Adapter (the power supply in Cuba is 110 volts at 60 hertz, although most sockets have dual voltage to 220 volts.);
Jeans or trousers and jumpers between January and March;
Sunglasses and Sunscreen;
Light or heavier jacket, depending on which season you are travelling in;
Umbrella in the rainy season;
Hiking boots or comfortable walking sandals;
Sandals in the summer;
Cool, lightweight clothing in cotton and linen to keep you cool in Cuba’s summer;
Cuba has two official currencies: the Cuban Peso and the Cuban Convertible Peso. The Cuban Peso is the currency used by locals to buy staples from the state-run shops. As a tourist, you will use the Cuban Convertible Peso. The Cuban Convertible Peso is a closed currency, which means you cannot buy or exchange it outside of Cuba.
Cash is king on holiday in Cuba. Take the right amount of UK Pounds in small notes of 20 Pounds or less to avoid hassle when exchanging. Change your UK Pounds at the Cadeca (Money Exchange Bureau) at Holguin, Varadero, or Cayo Coco airports upon your arrival on holiday in Cuba. Alternatively, exchange your Pounds at a Cuban bank. Once you leave Cuba you cannot exchange your Cuban Convertible Pesos for anything else. Do not take US Dollars, as you will be charged a 10 percent tax and an eight percent exchange rate to exchange Dollars.
Any credit or debit card associated with the USA will not work when you travel to Cuba, including cards issued by Santander, American Express, Capital One, and MBNA. MasterCard is not accepted at cash machines, but, as long as the card is not associated with the USA, it can be used to withdraw cash from the counter at a Cadeca or bank. Debit cards with the Visa logo are accepted as long as you can (a) find a cash machine and (b) it is working. The cash machine network in Cuba is difficult to crack. To be on the safe side, take a good bit of cash along with your UK credit card.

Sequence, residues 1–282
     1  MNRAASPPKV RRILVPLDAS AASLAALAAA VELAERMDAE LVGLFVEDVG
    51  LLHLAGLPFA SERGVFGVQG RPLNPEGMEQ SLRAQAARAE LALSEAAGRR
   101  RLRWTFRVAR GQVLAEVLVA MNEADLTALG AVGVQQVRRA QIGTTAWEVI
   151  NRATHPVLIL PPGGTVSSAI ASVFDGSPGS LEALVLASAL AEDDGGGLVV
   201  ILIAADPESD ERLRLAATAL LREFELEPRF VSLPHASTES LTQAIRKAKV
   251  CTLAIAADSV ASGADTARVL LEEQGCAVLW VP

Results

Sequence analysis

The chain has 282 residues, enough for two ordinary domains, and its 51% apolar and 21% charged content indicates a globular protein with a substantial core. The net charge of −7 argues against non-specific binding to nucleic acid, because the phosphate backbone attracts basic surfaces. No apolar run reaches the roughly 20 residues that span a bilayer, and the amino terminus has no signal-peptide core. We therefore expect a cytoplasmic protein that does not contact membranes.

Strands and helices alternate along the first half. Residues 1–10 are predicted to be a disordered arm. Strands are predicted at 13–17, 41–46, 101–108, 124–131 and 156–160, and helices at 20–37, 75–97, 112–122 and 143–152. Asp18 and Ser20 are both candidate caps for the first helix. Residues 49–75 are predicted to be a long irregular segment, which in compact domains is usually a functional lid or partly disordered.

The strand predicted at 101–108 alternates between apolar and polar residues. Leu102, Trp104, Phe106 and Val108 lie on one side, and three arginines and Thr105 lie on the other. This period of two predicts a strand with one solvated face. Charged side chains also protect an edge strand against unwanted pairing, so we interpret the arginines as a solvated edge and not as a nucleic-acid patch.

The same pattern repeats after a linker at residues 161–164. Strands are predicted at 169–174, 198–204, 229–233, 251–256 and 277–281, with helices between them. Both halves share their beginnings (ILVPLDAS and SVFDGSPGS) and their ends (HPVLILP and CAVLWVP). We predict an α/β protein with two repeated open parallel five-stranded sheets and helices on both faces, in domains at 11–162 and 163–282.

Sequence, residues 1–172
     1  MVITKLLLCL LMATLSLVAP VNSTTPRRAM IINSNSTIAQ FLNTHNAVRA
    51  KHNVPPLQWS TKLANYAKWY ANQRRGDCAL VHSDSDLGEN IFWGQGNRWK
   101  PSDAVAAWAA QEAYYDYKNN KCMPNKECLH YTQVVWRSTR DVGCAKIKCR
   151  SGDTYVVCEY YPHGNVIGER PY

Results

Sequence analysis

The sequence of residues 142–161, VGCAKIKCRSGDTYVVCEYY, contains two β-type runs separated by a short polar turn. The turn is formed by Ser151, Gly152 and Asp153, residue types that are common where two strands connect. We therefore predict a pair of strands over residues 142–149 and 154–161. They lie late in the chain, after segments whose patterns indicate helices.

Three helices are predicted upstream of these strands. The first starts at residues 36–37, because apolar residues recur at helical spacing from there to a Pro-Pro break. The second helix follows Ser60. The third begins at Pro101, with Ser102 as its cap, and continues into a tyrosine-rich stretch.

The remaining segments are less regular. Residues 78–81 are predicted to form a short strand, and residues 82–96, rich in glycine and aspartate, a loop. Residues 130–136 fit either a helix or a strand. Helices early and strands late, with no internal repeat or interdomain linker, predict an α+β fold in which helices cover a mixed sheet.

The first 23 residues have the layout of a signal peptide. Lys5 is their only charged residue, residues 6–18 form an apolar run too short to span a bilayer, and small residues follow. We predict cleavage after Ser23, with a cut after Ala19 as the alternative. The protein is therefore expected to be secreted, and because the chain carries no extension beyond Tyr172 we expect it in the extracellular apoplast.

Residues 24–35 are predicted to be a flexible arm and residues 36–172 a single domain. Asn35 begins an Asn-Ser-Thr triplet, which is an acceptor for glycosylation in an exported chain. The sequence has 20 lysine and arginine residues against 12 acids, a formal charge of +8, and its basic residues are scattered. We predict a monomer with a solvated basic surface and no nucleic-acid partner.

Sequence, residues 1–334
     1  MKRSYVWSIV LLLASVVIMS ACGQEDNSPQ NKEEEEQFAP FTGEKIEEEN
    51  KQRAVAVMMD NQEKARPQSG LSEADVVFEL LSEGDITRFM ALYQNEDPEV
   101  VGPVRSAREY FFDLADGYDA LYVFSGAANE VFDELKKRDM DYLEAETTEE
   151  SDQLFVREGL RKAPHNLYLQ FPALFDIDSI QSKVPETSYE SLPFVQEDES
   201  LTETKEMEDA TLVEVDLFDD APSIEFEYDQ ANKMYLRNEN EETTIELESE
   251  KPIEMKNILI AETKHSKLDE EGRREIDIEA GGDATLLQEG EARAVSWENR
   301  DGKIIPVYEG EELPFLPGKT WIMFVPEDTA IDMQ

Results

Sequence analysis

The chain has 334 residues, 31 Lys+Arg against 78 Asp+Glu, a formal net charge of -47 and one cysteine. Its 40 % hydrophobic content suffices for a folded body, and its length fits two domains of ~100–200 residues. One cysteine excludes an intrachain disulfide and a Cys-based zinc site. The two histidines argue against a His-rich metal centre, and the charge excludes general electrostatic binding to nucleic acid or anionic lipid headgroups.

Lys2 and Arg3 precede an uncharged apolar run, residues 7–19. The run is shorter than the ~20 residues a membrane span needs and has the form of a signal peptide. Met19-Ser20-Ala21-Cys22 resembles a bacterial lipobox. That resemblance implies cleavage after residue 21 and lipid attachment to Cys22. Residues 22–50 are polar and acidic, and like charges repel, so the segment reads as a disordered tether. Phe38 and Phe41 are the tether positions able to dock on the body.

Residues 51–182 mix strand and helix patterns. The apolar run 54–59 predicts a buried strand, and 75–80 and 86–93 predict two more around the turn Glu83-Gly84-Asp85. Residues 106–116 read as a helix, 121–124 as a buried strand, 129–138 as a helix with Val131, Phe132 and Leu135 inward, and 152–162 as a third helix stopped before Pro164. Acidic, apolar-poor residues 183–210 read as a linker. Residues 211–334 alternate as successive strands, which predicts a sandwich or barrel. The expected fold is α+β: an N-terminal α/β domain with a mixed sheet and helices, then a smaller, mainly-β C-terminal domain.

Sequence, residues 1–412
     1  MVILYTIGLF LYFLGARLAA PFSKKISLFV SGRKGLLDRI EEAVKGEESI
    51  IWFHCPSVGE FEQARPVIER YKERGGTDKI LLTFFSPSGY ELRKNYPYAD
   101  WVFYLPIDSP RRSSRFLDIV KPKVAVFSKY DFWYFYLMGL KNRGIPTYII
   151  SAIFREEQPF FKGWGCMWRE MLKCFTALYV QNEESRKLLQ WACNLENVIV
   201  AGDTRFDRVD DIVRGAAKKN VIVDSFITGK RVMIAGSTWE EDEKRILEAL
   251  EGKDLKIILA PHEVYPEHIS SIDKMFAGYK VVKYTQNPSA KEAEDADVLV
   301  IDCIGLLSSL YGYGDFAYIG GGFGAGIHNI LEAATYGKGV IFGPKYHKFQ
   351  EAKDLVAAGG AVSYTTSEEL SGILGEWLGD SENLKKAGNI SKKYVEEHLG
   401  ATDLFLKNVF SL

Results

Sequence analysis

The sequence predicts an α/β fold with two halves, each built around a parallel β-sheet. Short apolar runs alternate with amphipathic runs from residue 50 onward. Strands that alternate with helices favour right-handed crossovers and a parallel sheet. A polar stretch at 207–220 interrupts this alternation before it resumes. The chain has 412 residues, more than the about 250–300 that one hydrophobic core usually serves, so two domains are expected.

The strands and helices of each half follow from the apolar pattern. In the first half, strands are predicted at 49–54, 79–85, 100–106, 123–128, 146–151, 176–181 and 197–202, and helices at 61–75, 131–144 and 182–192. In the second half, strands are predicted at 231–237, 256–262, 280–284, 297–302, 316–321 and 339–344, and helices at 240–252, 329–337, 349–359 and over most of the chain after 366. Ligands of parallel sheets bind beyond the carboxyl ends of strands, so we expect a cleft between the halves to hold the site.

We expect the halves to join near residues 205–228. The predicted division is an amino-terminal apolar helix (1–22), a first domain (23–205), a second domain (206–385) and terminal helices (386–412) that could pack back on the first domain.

Most Cubans earn very low salaries, from 15 to 20 Cuban Convertible Pesos a month, so tipping is extremely important. You should tip porters between 50 cents and one Cuban Convertible Peso per bag, about one Cuban Convertible Peso per day for hotel maids, and one to two Cuban Convertible Pesos for your tour guide. Most restaurants include a service charge of about 10 percent, but you should tip about five to 10 percent extra. Taxi drivers should get 15 percent of the fare unless you have negotiated the fee without the meter, in which case a tip is included, so don’t add extra. Taxi drivers rarely give small change on a fare, so round up and leave the rest as the tip.
June, September, and October
Cuban cuisine fuses the bold styles and spices of Spanish, African, and Caribbean foods, resulting in a unique flavour. Food is simple but very flavourful, often seasoned with garlic, cumin, oregano, and bay laurel leaves. Many Cuban dishes incorporate sofrito, which consists of fried onion, green pepper, garlic, oregano, and ground pepper. This base is added to most black beans, stews, meat dishes, and tomato sauces. The staples of Cuban food include roasted or fried meat and plantains, as well as rice and beans, which is served with nearly every meal besides breakfast.
Arroz con Pollo
Arroz con pollo (chicken with rice) is one of the most beloved chicken dishes in Cuba. The rice is a short-grained Valencia-style rice, picked up from Cuba’s Spanish heritage. Some people flavour the rice with saffron, but most Cubans use annatto oil (from the rust-coloured annatto seed) instead. The dish uses chicken pieces simmered with chopped green pepper, onion, garlic, saffron or annatto oil, bay leaf, cayenne pepper, oregano, cumin, salt, pepper, chopped tomatoes, peas, rice, white wine, and water.
Pollo asado is a Cuban-style roasted chicken in a mojo sauce bursting with flavour. The chicken is marinated in the sauce infused with cumin, salt, oregano, garlic, lime, and orange juice then baked until tender.
Picadillo is true Cuban comfort food. Traditionally eaten at lunch, this beef hash dish can be served on its own, with rice, or used to fill pastelitos to make little meat pies. It can be served dry (thicker) or wet (soupier) with a little extra tomato sauce and wine.